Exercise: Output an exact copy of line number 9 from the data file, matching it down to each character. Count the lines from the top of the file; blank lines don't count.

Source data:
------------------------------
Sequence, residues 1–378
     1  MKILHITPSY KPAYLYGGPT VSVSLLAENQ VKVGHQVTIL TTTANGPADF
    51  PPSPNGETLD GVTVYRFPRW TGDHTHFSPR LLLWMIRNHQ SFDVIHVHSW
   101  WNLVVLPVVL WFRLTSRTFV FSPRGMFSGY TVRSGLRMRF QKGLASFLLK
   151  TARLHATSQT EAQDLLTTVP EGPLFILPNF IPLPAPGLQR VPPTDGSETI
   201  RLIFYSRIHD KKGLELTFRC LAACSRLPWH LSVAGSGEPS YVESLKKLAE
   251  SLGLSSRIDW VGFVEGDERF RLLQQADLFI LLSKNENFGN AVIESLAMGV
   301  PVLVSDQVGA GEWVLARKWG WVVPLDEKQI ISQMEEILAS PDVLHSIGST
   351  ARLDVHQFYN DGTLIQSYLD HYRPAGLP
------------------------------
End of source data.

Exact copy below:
   351  ARLDVHQFYN DGTLIQSYLD HYRPAGLP